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Dell puts Adamo XPS back online, claims sales "strong"

updated 09:25 am EDT, Thu March 18, 2010

Dell argues Adamo XPS pullout a supply issue

Dell today restored the Adamo XPS to its direct lineup. The company has now reversed its prior statements that the ultra-thin notebook was really a limited edition model and has said the previous limitation to Best Buy was a deliberate move to control demand. Sales have been "strong" both at stores and online, and pulling online sales helped prevent excessive ship times, Anne from Dell said.

No changes in hardware have been made since the return of the $1,999 system, which runs on a 1.4GHz Core 2 Duo, 4GB of RAM, Intel's integrated graphics and a 2.5-hour stock battery. It has been criticized as the design, meant to outdo the MacBook Air for the claim of thinnest-ever notebook, has typically been outperformed by the nearly as slim but $500 less expensive Apple computer.

The company has also teased that it hasn't finished with the designer PC label, as it plans "upcoming Adamo products" for later this year. It's not known if this will include any updates to the core Adamo 13, which has remained largely unchanged since a slight mid-2009 refresh.



By Electronista Staff
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  1. Foe Hammer

    Fresh-Faced Recruit

    Joined: Feb 2005

    -1

    Controlling Demand?

    Controlling demand for a Dell is like controlling demand for being hit by a bus. Sure, there are a few folks who probably can't wait, but "limited edition" does read and sound better.

  1. Makosuke

    Forum Regular

    Joined: Aug 2001

    -1

    Wait, what?

    So if I'm reading the statement right, they're saying that they didn't have enough production to meet demand for both online and physical orders... so they lied and said it's actually just a special edition and has run its course?

    Wouldn't it have made more sense and been, you know, less "buy now before it's too late!" huckstering if they'd just put a long lead time on online orders due to constrained supply?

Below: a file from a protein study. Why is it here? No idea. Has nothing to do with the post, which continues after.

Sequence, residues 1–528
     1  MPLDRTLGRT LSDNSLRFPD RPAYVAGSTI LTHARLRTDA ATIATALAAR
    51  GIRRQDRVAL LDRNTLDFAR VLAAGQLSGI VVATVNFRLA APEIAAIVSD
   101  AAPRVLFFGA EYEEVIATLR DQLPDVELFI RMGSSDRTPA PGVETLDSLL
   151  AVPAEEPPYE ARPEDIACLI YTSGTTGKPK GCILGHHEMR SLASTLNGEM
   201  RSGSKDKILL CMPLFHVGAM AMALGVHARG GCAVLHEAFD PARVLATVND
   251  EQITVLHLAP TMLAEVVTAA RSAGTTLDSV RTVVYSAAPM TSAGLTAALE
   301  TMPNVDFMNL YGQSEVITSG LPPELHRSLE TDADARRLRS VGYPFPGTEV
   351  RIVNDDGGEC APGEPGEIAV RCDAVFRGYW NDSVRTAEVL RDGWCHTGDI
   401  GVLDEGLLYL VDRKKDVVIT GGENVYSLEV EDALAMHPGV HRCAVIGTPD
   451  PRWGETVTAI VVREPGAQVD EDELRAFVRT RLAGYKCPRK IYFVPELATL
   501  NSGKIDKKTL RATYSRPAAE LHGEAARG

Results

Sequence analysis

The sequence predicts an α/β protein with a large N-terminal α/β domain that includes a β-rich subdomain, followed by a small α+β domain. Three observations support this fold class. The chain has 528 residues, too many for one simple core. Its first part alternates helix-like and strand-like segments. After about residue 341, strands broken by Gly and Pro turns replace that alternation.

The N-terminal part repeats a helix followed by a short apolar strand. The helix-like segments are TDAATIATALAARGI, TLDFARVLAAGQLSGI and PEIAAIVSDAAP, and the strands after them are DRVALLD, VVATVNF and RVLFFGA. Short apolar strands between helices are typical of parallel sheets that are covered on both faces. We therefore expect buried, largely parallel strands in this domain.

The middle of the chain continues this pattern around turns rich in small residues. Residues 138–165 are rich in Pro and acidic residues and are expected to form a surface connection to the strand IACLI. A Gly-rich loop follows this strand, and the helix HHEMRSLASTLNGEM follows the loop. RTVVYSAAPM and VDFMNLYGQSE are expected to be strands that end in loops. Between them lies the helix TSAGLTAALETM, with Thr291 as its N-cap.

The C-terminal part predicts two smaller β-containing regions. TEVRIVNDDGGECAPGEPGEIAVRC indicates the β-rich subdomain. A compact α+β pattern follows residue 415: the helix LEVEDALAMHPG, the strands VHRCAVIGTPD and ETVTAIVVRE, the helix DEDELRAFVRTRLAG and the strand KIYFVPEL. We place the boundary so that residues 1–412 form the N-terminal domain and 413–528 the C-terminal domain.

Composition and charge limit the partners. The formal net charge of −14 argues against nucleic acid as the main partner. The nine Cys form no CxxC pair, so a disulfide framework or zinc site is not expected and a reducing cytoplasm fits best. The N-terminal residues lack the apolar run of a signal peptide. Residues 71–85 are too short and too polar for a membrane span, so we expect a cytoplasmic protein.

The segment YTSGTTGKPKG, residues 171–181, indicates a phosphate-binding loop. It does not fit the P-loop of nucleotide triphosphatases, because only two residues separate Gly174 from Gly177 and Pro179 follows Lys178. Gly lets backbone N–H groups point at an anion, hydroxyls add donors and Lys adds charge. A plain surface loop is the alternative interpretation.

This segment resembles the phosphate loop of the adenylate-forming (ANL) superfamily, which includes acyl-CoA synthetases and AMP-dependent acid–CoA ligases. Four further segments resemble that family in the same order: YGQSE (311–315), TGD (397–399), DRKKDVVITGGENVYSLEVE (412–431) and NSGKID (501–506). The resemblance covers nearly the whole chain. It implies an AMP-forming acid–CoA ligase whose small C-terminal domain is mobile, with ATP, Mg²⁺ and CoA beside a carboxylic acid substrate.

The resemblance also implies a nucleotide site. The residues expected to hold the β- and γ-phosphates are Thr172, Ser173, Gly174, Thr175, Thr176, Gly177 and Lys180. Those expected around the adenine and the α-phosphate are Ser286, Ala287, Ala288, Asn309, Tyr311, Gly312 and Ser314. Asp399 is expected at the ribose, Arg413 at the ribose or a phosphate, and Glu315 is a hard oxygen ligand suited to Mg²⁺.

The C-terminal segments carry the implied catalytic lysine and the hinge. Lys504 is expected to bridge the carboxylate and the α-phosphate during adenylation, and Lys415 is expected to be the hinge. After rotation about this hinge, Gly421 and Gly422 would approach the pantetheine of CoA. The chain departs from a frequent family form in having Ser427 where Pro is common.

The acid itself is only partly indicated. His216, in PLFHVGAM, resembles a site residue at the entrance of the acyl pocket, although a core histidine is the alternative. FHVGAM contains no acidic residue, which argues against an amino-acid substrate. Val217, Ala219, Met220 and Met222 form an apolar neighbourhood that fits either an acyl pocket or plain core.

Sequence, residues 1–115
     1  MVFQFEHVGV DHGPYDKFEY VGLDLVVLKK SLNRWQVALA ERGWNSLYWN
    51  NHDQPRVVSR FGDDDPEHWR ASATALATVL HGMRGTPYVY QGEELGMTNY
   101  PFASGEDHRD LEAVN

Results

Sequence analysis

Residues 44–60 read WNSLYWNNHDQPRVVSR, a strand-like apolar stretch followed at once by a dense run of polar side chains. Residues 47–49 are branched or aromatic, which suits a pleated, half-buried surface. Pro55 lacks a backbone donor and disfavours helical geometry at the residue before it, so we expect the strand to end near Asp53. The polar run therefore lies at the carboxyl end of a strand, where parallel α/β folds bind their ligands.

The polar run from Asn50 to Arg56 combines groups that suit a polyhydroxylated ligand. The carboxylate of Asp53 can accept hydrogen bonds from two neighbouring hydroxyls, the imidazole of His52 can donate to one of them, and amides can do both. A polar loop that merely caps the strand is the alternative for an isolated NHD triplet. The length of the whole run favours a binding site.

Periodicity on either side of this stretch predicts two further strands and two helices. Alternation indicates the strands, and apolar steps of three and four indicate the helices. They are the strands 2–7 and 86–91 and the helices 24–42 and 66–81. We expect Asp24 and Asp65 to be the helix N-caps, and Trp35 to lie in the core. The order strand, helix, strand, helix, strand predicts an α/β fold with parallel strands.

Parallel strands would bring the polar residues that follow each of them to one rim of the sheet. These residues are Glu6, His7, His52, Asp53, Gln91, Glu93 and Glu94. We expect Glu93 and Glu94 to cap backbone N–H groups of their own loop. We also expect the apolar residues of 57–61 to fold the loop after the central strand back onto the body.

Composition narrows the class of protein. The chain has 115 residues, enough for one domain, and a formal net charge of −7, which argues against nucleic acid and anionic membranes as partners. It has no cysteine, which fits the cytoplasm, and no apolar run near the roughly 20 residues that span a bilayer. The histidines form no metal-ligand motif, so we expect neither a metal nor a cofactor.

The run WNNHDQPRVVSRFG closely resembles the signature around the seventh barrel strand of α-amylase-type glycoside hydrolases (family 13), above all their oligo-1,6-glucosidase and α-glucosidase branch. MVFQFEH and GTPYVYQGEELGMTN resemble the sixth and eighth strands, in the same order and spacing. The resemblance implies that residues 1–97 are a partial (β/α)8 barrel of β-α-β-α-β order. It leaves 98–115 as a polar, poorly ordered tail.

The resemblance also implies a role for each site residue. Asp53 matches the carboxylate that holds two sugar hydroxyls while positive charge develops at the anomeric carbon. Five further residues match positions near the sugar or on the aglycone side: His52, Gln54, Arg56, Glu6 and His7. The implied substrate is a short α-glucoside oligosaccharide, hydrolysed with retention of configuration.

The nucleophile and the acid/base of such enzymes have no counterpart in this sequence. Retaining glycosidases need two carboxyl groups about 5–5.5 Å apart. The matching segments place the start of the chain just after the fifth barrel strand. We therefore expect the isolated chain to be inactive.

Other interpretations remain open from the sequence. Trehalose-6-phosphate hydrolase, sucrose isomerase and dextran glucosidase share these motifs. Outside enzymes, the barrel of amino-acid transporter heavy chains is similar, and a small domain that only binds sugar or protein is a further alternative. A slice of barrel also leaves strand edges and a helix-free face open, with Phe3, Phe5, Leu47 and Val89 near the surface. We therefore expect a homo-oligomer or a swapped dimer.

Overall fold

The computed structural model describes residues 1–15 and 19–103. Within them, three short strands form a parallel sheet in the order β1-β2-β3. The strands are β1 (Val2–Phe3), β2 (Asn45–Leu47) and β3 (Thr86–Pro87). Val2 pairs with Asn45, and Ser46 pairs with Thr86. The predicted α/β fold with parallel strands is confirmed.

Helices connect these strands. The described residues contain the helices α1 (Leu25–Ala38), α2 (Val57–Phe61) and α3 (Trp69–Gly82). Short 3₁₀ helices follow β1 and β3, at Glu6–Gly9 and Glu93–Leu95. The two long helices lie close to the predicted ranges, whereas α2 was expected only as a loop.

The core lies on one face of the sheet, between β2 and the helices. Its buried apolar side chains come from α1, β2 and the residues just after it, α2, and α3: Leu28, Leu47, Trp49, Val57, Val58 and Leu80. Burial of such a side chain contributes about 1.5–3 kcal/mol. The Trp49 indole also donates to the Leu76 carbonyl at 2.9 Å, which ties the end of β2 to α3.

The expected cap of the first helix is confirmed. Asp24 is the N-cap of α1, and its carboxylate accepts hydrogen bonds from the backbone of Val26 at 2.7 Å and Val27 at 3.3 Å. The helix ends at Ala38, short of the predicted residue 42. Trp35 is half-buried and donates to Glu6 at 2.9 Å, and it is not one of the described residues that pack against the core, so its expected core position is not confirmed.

Not saying I don't understand the business logic behind artificially constraining demand to drive up prices, but normally companies just say they can't make any more than that, rather than lying about the reason.

    Alternately, as I guessed before, there's actually some other reason for the delay (say, a hardware problem) and both excuses were lies. Ones that sound terrible from a customer perspective, at that.

  1. testudo

    Forum Regular

    Joined: Aug 2001

    -1

    Re: Wait, what?

    So if I'm reading the statement right, they're saying that they didn't have enough production to meet demand for both online and physical orders... so they lied and said it's actually just a special edition and has run its course?


    They never said it ran it's course, nor did they say it was cancelled, axed, or terminated. All they said was that it "should not have been considered a normal piece of stock, but a limited release. " But also said at the same time it would be available at select retailers. (Kind of hard to say it was axed and have it available at the same time).

    Apparently they've dealt with the issue and are able to produce enough for their retailers and themselves, so they're selling it again.

    I guess you think they should just do what Apple does in this case: Keep all the stock for themselves and leave their partners and retailers selling older models or none at all.

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